Barely four months after the Nigerian National Petroleum Corporation (NNPC) rolled over its crude-for-oil products contracts worth about $6 billion by six months until the end of the 2018, the state-run oil firm has extended the oil swap deals by another six months to June 2019.
This is coming as the federal government and oil workers have pledged not to do anything that would disrupt petroleum products supply during next year’s general elections.
NNPC’s crude swap deals, which were previously referred to as offshore crude oil processing agreements (OPAs) and crude-for-products exchange arrangements, are now known as Direct Sale-Direct Purchase Agreements (DSDP).
Under the deals, the NNPC supplies crude oil to selected local and international oil traders and refineries in exchange for petrol and diesel.
NNPC had in May 2017, signed the deals with local and international traders to exchange about 330,000 barrels per day (bpd) of crude oil for imported petrol and diesel, as part of measures to sustain the supply of petroleum products across the country.
However, the deals, which expired by the end of July 2018, were extended until the end of this year.
But quoting sources familiar with the swap contracts, Reuters reported that the NNPC has extended contracts, the country’s main avenue to meet the bulk of its petrol needs, until June 2019. Spokesman of NNPC, Mr. Ndu Ughamadu, did not respond immediately.
Unlike the 2016 contracts, which included only companies with refineries so as to cut out middlemen, the beneficiaries of 2017 contracts include international trading houses, and not just refineries.
Under the current deals, each of the selected 10 oil traders/refineries partnered local Nigerian companies to win 33,000 barrels per day allocations.
According to the list, Trafigura partnered AA Rano to clinch 33,000 barrels per day; Petrocam paired with Rainoil and Falcon Crest to win 33,000 bpd; Mocoh partnered Heyden Petroleum to get 33,000 bpd; Cepsa paired with Oando to win 33,000 bpd; while Sahara is partnering Societe Ivorienne de Raffinage (SIR) for 33,000 bpd.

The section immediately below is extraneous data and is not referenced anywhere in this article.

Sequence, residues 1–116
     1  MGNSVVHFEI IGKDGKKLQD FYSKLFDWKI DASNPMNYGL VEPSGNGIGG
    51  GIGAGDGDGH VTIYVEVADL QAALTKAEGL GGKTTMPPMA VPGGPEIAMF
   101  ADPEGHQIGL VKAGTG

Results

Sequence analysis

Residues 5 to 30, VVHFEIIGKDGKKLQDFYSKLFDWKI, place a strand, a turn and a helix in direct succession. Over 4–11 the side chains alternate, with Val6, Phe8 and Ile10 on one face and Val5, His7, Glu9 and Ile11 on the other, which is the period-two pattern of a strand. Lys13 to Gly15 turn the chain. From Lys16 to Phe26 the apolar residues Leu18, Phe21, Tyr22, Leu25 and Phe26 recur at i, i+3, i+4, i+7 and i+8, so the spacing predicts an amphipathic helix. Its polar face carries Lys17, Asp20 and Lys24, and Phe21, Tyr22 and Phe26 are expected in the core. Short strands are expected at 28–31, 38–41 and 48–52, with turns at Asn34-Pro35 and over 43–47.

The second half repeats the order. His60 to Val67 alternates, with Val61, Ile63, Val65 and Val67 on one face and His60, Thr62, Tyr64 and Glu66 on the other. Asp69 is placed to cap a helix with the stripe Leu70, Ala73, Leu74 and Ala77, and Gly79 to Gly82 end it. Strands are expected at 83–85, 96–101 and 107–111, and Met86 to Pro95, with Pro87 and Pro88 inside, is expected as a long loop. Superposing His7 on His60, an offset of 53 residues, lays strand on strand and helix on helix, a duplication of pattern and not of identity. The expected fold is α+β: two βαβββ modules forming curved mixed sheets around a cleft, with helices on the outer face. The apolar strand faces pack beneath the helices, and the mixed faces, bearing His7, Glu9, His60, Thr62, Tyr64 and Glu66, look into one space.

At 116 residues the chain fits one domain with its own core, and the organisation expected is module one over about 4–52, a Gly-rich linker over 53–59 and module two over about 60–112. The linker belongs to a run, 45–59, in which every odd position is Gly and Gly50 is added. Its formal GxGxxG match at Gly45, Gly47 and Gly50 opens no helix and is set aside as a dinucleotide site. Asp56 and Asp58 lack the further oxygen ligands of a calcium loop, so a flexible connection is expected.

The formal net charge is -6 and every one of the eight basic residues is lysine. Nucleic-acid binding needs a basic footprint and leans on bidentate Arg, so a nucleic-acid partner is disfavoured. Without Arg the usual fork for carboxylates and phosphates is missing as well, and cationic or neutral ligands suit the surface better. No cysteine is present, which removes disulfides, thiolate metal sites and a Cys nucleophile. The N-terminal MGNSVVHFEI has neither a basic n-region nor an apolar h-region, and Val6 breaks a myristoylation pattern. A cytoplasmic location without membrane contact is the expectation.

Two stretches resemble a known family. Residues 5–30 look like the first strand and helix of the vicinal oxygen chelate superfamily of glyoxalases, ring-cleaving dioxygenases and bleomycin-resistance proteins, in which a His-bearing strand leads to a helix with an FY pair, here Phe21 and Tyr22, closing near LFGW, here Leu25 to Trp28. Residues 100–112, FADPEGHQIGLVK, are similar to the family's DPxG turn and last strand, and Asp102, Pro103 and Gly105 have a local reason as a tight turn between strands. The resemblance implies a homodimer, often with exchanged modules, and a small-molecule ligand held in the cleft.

Five other groups that also got 33,000 bpd each include: Mercuria and Matrix/Rahamanniya; Socar and Hyde; Litaso and MRS; Vitol and Varo; and Total, which is partnering its Nigerian downstream subsidiary, Total Nigeria Plc.
Some of the companies that also benefitted in the current contracts include Varo Energy, Societe Ivorienne de Raffinage (SIR), Total and Cepsa.
Meanwhile, the federal government and oil workers have pledged not to disrupt petroleum products supply during next year’s general elections.
In his speech yesterday at the Petroleum and Natural Gas Senior Staff Association of Nigeria’s (PENGASSAN) 40th anniversary in Abuja, President Muhammadu Buhari said the federal government welcomed the assurances from oil workers to maintain peace in the oil sector as part of their sacrifice for the smooth conduct of next year’s election.
The Minister of State for Petroleum Resources, Dr. Ibe Kachikwu, who read the president’s speech, said Buhari had mandated that everything possible be done to ensure stability and peace in the downstream sector.
On its part, PENGASSAN has dismissed a report that it had issued a strike notice.
In a statement yesterday, the senior oil workers, stated that though it listed some of the challenges besetting the oil sector, at no time did it issue any strike notice to the government, instead, it said, it appealed to the federal, states, the Nigeria Employers Consultative Association (NECA) and organised labour to put a machinery in place to resolve some of the outstanding issues.
“As a responsible trade union with the interest of the masses and the Nigerian nation at heart, we will always work towards the growth and development of the country. We will not embark on any action that will inflict suffering on the Nigerian people,” PENGASSAN said.